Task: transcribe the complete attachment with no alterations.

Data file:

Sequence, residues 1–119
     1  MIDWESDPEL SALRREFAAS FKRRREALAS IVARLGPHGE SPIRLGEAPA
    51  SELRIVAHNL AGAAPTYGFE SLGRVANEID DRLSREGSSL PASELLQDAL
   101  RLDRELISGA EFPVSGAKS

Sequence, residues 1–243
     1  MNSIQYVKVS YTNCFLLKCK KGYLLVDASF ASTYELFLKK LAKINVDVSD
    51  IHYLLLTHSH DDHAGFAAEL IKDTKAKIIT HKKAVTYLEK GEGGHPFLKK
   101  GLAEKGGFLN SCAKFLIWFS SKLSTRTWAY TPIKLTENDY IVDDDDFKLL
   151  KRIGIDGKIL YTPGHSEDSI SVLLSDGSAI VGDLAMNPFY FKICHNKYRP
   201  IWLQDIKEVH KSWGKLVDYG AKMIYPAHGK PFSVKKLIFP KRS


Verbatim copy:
Sequence, residues 1–119
     1  MIDWESDPEL SALRREFAAS FKRRREALAS IVARLGPHGE SPIRLGEAPA
    51  SELRIVAHNL AGAAPTYGFE SLGRVANEID DRLSREGSSL PASELLQDAL
   101  RLDRELISGA EFPVSGAKS

Sequence, residues 1–243
     1  MNSIQYVKVS YTNCFLLKCK KGYLLVDASF ASTYELFLKK LAKINVDVSD
    51  IHYLLLTHSH DDHAGFAAEL IKDTKAKIIT HKKAVTYLEK GEGGHPFLKK
   101  GLAEKGGFLN SCAKFLIWFS SKLSTRTWAY TPIKLTENDY IVDDDDFKLL
   151  KRIGIDGKIL YTPGHSEDSI SVLLSDGSAI VGDLAMNPFY FKICHNKYRP
   201  IWLQDIKEVH KSWGKLVDYG AKMIYPAHGK PFSVKKLIFP KRS